When an opportunity to do something comes up at the last minute, there’s certain things in Los Angeles that make you pause. Like it’s a Monday, it’s raining, it’s at the Palladium. So when a friend texted me that she had an extra ticket that night for a concert, I had to take a moment because it was the L.A. trifecta of reasons to politely decline. That feeling didn’t last long, because it was Måneskin.
If you are not familiar with Måneskin then trying to explain the meteoric rise of this group after winning the Eurovision Song Contest is hard. It is so perfect and that makes it so unbelievable that even the Hallmark Channel wouldn’t green light the story for a movie. They are beautiful! They are young! They are talented! They rock! They are Italian! And this isn’t like Trevor Donovan and Lacey Chabert in a delightful holiday romp kind of beautiful. This is some Miss Argentina and Miss Puerto Rico got married level beautiful. They are SCORCHING hot!
The story of Måneskin’s rise to fame isn’t just hard to believe, so was how great the concert was. They sounded good. Like REALLY good… at the Hollywood Palladium. Now I’m not gonna bag on the Palladium so just relax. But come on, we all got a story. Whether it’s security who has declared your favorite keychain to somehow be a weapon, the searches that included feeling UNDER your bra, the no gum rule, finally finding a place to stand only to be told you gotta move a little bit over and now another little bit there and don’t think you’re safe now because you gotta move another little bit. You get the point. But that night everything felt different.
Granted I was prepared for security and not ready to fuck around and find out. As I walked through the different security points I commented, “When I was picking out this outfit, you know what I thought would go with it perfectly? A clear plastic purse.” Others were not so aware of what they were about to encounter and were being sent to bag check-in because their handbags were just slightly bigger than they allow. And, there were a bunch of people who tried to hide their bags under their coats. Amateurs. That didn’t work out well for them, but cleared the lines quickly for the rest of us. Telling you now, don’t try it. REALLY!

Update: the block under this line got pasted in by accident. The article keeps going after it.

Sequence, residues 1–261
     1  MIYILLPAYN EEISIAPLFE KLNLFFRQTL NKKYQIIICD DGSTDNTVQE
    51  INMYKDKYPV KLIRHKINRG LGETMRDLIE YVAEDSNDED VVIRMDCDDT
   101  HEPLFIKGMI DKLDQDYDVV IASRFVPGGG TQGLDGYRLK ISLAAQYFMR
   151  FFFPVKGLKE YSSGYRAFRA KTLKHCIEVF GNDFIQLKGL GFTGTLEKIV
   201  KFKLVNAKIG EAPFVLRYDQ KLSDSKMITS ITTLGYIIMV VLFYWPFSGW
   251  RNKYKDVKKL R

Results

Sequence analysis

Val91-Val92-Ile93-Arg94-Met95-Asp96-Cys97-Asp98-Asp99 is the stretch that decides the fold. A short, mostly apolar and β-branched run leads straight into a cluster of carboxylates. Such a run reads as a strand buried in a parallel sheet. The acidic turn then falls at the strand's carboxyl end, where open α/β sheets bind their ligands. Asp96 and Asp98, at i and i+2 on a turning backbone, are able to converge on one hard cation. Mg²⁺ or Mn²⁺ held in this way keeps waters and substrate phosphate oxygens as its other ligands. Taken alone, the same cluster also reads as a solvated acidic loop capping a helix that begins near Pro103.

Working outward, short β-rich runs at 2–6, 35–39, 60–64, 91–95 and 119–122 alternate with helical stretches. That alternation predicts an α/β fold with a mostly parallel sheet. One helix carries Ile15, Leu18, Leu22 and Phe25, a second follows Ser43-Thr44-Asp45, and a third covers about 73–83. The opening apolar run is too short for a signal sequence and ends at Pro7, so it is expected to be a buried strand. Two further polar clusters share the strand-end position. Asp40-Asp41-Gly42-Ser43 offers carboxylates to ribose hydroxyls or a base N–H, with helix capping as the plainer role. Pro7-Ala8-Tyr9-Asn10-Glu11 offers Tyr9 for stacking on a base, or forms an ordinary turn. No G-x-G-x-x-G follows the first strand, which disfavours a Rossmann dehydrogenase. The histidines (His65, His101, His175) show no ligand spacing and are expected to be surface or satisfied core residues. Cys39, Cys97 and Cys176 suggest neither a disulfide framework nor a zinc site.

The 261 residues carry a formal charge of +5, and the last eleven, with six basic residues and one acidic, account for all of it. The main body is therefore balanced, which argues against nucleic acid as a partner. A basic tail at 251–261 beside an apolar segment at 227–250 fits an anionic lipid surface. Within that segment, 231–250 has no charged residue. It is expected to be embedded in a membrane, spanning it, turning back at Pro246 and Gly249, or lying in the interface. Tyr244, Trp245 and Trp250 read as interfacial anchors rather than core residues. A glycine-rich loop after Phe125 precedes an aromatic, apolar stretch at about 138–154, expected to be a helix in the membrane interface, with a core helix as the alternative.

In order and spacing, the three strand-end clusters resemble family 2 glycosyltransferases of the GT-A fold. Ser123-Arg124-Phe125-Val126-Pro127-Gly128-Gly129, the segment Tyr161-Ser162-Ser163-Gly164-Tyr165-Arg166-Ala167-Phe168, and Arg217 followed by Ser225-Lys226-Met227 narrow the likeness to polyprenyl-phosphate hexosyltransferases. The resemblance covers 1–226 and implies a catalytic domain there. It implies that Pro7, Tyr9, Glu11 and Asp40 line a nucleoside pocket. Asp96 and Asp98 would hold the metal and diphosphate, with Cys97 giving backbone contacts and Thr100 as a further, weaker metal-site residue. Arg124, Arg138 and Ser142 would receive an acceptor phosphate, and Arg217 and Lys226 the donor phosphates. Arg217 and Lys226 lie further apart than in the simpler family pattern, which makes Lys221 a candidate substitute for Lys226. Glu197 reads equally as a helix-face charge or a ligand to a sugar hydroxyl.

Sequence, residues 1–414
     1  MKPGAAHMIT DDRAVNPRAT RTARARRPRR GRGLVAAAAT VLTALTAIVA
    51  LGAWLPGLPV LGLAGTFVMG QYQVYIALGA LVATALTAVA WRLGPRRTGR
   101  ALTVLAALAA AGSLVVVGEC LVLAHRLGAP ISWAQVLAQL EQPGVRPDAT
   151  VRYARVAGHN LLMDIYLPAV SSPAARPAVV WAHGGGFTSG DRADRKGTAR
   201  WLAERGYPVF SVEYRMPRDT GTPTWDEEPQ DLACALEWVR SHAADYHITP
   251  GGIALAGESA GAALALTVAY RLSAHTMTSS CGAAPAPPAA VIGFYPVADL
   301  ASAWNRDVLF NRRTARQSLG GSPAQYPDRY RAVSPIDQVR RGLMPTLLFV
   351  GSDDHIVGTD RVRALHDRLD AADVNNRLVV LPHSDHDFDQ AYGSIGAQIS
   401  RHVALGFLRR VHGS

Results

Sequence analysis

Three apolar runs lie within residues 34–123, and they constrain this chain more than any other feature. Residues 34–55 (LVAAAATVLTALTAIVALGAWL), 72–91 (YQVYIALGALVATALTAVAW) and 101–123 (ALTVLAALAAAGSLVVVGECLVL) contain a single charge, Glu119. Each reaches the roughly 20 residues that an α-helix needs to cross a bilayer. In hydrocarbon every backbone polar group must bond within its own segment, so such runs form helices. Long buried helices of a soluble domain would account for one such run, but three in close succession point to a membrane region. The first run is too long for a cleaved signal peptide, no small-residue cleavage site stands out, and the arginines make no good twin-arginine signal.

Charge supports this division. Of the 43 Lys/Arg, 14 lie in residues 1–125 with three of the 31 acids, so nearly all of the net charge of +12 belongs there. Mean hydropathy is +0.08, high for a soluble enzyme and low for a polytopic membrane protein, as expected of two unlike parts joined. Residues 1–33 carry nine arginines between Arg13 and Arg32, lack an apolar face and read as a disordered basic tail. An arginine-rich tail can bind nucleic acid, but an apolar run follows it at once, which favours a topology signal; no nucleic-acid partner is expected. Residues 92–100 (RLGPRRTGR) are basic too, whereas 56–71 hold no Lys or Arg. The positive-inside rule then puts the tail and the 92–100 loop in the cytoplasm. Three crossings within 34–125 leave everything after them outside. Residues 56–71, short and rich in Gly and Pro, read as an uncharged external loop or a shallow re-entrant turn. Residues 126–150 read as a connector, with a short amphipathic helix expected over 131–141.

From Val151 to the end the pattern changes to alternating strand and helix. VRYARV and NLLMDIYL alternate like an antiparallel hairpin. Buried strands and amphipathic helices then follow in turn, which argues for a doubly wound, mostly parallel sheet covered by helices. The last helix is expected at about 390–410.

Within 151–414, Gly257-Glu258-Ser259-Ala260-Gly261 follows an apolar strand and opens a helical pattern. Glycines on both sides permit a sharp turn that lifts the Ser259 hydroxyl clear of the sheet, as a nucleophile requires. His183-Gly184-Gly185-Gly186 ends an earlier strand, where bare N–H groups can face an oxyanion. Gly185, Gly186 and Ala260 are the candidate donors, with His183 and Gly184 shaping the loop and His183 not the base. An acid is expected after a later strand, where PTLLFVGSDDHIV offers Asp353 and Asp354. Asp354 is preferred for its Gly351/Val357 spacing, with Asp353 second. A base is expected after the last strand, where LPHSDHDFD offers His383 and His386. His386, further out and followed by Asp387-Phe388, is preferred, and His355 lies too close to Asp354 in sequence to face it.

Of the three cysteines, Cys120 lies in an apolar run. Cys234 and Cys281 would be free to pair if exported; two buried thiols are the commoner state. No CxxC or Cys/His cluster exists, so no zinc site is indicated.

Long ago I worked with a woman who went to the Hollywood Palladium on its opening night and I always think of her as I walk in. I try to picture what she experienced. She was a teenager and her best friend’s Dad was a manager there and got them in. She spoke of having to borrow a dress that was fancy enough and how magical it was. She had lots of awesome stories like that. She also had stories when she would drift away for a moment in sadness as she spoke of segregated beaches and other places that she couldn’t go because she was Jewish. Hard to imagine such ignorance but sadly I am finding that’s not so hard to picture.